Collectors Christina Lim Hariyanto, Rudi Lazuardi and Nathaniel Putra Gunawan on Art Jakarta and Indonesia’s evolving art scene

The young movers, shakers and champions who have taken their love of art beyond just putting up canvases on the walls.

From left: Christina Lim Hariyanto, Rudi Lazuardi and Nathaniel Putra Gunawan (Photo: Art Jakarta)

The Julius Bär-sponsored VIP lounge at Art Jakarta was bustling on day two, going by the unending queue of those seeking sustenance at its coffee and pastries counter. Reminding us that this was an art fair and not a minimalist café with characteristic cement floors and white walls were the large figurative paintings hung around the lounge by Balinese artist I Nyoman Masriadi, who is known for being the first living Southeast Asian artist to sell his work for US$ 1 million in 2008. Borrowed from private collectors, the previously unshown works — featuring his signature blend of black-skinned muscular characters with a pop-culture and comic book slant — were a coup for Jakarta’s premier art fair and its organisers.

It was but one of several triumphant moments at the 11th edition of Art Jakarta (known as Bazaar Art Jakarta until 2017), which drew some 39, 066 visitors from Aug 30 to Sept 1 and announced its ‘arrival’ as one of Asia’s top art events. For many, it was a rebirth of the past 10 editions, which had been held in a much smaller hotel ballroom. The fair has found a new 6,000 sq ft home, with wide aisles and tall ceilings, at the Jakarta Convention Centre (JCC).

Colourful Eko Nugroho embroidery work and a fibreglass sculpture took pride of place just within the hall’s entrance. Next to it was a large disc-shaped ceramic sculpture by Ban-dung artist Albert Yonathan, inspired by his current sojourn in Japan researching Indonesian contemporary ceramic art at Kyoto Seiko University. Placing the works side by side subtly and symbolically represented the two key art scenes in Indonesia — Yogyakarta and Bandung — and their distinctive styles.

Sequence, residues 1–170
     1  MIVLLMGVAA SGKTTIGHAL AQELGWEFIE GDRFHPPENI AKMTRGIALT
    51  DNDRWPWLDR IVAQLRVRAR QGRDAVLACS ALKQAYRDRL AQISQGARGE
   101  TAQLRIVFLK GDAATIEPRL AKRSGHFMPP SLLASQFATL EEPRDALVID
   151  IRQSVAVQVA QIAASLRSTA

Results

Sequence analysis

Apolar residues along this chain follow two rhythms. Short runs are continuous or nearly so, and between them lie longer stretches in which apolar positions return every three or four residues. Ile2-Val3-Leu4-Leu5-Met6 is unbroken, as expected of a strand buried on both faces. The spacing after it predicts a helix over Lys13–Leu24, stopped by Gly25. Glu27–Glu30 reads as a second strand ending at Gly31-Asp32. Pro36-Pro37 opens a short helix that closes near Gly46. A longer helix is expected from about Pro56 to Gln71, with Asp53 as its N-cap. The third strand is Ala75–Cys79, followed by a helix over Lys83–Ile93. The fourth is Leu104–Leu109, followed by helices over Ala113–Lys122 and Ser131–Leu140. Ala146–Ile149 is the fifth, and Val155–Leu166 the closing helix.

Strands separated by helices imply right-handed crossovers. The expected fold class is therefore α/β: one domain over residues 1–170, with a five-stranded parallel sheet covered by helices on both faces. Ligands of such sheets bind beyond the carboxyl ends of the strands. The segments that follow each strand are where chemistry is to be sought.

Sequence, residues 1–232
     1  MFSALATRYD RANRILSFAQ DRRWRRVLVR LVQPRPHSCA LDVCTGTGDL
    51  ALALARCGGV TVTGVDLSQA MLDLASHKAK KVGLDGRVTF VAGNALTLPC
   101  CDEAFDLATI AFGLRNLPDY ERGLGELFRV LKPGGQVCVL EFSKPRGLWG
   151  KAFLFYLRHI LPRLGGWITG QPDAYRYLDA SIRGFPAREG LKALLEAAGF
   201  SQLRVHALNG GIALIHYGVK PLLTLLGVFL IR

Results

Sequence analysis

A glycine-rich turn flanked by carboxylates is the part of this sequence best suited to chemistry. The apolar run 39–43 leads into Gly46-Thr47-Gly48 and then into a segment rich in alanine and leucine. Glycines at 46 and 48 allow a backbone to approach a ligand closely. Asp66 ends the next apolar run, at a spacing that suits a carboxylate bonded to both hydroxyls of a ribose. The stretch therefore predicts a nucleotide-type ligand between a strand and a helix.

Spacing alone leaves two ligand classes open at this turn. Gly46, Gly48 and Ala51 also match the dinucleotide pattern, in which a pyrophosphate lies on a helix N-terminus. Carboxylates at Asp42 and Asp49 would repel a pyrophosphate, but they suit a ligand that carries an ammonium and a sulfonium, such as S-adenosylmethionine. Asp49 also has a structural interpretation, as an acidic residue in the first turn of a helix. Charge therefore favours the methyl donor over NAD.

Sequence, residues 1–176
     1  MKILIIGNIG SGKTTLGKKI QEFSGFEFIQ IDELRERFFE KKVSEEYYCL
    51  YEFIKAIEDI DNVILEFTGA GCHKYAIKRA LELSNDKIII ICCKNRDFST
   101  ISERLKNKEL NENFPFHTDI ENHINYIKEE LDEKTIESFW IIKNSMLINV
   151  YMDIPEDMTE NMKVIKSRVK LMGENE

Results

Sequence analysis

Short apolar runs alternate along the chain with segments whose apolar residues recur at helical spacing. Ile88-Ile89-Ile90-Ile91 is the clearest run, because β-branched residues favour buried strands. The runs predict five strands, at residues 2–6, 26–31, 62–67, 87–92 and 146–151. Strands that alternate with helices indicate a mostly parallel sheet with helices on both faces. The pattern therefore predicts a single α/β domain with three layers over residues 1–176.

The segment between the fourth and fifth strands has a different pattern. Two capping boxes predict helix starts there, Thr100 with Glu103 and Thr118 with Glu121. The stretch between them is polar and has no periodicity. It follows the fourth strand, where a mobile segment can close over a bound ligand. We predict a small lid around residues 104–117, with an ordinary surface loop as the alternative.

A new space alone does not make a rebirth; the revamped fair featured a new logo and a new direction, helmed by an all-new team.

By the evening of the opening day, the man of the hour — fair director Tom Tandio — was breathing easier. The vernissage the day before had no doubt proved assuring, sparking an enthusiastic response from Indonesia’s vibrant arts community as well as the who’s who of Asia-Pacific and beyond — collectors, artists, gallerists, curators and heads of institutions who must have been curious to know how it would all turn out.

Tandio, a mild-mannered and somewhat inscrutable 38-year-old businessman, is one of Southeast Asia’s most well-known collectors whose active involvement in regional fairs has raised his profile considerably in the last decade.

“I think running a fair suits my personality and passion more. I like to network, meet people, introduce people to people, so I think fairs are more my thing,” Tandio said. Renowned for his intellectual and “cerebral” collection — one of his most recent purchases was performance art that came only with verbal instructions as to how it was to be performed — Tandio once operated a private gallery, Gudang. He has since found more meaning in IndoArtNow, an online archive of contemporary Indonesian art that he set up in 2011.



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